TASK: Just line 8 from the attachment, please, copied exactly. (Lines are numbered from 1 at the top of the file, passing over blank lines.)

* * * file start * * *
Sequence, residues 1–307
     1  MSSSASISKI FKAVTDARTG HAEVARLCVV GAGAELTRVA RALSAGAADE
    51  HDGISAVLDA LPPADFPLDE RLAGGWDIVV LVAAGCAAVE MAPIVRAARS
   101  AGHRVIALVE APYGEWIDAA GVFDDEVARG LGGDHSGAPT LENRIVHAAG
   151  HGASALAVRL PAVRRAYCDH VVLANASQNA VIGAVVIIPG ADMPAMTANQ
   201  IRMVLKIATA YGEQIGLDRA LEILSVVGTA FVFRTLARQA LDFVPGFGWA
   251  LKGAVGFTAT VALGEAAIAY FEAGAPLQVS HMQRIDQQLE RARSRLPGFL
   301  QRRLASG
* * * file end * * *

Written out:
   301  QRRLASG